Mikhail Saakashvili: Absolutely. We basically started diversification, two years ago, and we are exporting more and more to the European Union. We are exporting more and more to other neighbours, and other former states of the USSR, members of the community of independent states (CIS), and we have much more extensive relations with Turkey. We have with European Union GSP plus status, which means there is a certain number of products which we can export to the European Union duty free, and it is widening step by step,. For instance, we dealt with our wine export this year for the European Union. We started to process our other food products so that they are fit for the European market. And we also have trade relations with a number of mid-Western countries. With Turkey, it’s important because the very moment when the Russian embassies stopped to issue visas to Georgians in early this year. Turkish embassy, the Turkish Government announced visa-free travel to Georgia. Turkey gave access to a number of Georgian products to the Turkish market, and now we are working on a free trade agreement and avoiding double taxation. So I can say that the main trading partner today for Georgia, and the rapidly increasing trading partner is Turkey. and so there is always an alternative.


Ipek Cem: I know that relations with Turkey have always been a good story, and also the energy corridor and the Baku-Tblisi-Ceyhan and Baku-Tblisi Erzurum pipelines  are enhancing this togetherness. What are some of the new initiatives with Turkey?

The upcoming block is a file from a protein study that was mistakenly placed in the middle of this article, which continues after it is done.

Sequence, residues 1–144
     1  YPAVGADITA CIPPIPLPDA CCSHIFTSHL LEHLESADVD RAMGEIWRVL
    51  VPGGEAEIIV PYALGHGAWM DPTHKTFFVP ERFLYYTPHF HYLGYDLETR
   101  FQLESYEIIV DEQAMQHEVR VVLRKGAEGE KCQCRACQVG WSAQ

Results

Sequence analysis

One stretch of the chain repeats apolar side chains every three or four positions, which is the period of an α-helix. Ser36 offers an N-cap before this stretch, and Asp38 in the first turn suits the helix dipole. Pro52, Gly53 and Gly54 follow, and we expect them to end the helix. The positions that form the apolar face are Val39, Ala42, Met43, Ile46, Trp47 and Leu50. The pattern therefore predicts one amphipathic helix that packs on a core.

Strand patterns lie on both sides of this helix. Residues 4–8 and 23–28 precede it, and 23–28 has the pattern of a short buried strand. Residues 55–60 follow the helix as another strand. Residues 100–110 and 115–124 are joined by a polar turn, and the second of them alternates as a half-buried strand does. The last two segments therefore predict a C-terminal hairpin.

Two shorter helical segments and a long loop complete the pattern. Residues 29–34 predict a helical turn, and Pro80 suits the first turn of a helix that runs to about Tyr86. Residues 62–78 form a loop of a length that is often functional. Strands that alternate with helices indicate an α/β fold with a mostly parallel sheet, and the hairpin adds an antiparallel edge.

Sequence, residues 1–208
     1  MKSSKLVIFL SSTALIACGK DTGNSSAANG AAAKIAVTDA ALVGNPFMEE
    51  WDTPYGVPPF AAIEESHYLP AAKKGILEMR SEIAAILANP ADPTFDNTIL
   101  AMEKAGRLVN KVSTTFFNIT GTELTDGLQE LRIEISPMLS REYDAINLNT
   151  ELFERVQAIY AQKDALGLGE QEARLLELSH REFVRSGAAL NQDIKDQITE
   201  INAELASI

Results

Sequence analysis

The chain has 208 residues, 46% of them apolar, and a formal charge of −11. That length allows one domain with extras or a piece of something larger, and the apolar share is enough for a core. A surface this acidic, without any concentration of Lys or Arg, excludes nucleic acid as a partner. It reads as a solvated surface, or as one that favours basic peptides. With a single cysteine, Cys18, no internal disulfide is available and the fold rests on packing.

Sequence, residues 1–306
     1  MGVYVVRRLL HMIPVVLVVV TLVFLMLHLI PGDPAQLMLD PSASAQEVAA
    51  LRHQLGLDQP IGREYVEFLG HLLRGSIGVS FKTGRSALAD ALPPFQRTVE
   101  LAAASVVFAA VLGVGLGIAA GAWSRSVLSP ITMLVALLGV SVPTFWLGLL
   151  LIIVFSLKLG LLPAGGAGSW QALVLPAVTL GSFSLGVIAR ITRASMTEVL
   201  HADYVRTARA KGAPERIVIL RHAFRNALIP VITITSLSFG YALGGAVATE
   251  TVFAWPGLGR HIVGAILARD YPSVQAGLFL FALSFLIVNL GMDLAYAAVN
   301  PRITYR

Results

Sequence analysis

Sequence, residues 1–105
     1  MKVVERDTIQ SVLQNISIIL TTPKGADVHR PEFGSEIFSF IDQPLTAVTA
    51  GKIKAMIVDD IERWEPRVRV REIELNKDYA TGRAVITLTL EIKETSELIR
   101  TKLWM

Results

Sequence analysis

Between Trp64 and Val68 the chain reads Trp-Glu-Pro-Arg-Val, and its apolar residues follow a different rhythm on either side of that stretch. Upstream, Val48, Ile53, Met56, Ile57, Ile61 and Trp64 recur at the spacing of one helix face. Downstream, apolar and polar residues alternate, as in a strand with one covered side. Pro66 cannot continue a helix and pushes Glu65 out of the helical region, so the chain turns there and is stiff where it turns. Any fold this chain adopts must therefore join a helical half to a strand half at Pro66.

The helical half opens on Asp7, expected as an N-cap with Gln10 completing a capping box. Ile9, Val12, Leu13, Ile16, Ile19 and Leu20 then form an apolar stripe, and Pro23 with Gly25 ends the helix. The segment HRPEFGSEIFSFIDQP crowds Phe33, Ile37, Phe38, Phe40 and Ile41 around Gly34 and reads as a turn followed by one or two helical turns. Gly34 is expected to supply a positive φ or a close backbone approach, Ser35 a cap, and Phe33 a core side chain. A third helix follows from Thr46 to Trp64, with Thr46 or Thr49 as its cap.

Mikhail Saakashvili: Well, I really, first of all we should realise that how much perceptions have changed in our country, I mean in the Soviet Union, people know very little about Turkey, even if their villages had been next to each other across the border. Of course people could shout to each other. There was very little contact. There was lots of prejudice, and… you know, and people would study in Turkish language, like say my mother who is a professor of Turkic studies would do, and would never see a real Turk in their life, and would maybe, or who never - I’m not talking about travelling to Turkey. It was like going to another planet, you could more easily travel to East Germany, or to Czechoslovakia, as it was then or many other places. Even it was easier to travel to the United States, but it was very difficult to go to Turkey, because there was really an Iron Curtain. So that changed dramatically, as soon as we became independent it was the first one to come to the help of Georgia, as a government, as a state. And then the strategic projects came, like oil pipeline installation, and some others… but this is changing now really. It’s really much more people to people communication, and it’s Turkey’s business coming here. I think a very important project is now Batumi Airport. The Turks have been building two airports.  There is a big terminal, at Tbilisi airport, and they are modernising and for this year there is a new airport in Batumi. However the Batumi airport will be exploited as a joint Turkish-Georgian airport as of the model of Geneva airport. Which means that inhabitants of neighbouring provinces of Artvin, Rize and others who are bordering Georgia can come (to Batumi)… it’s closer for them than to go to Trabzon.  They can enter Georgia free of passport control, and the other control, customs control for the planes, and say fly to Istanbul with internal Turkish tariffs, as well as lots of transit through Istanbul, and to Batumi. I think this is a very important psychologic change and a real change, as well as a lot of Turkish businesses have opened their subsidiaries now in Georgia. We have a now booming textile industry coming to Georgia. We have …. a lot of you know… several new… textile plants opened in Batumi. But also.. We are expecting dozens of them now to come. We have Turkish road construction company. We have Turkish construction companies, in fact most of the big government orders last year were executed by Turkish companies. And this is indication of where we are. I mean that’s why we need double taxation agreement, avoiding double taxation agreement. One should realise that Georgia is a very attractive business environment for a number of points of view. First of all, European Bank of Reconstruction and Development put Georgia as one of three most non-corrupt economies in Europe – this is a major breakthrough. Second, according to the World Bank, we are the number one reformers in the world. That means we went from being a hundred and thirty-seventh in the business environment to being forty-seventh. So we jumped over a hundred positions. And we are moving even further. We have the lowest tax tariffs in Europe, and we have almost no customs tariffs, except for agricultural products we don’t have any customs tariffs any more.  So basically it is a very attractive economy in general terms. And at the same time this is a country which is extremely open and friendly towards Turks, and this is another psychologically very important factor. So having said all that you can see why the interest is so much growing, and why we have much more, you know, routine contacts because Government relations have always been good. They are as good as ever, now. Better than ever. However, you know when I first became President, when I went to Istanbul to meet Turkish business community I heard lots of failure, stories of personal problems, lots of stories of, you know…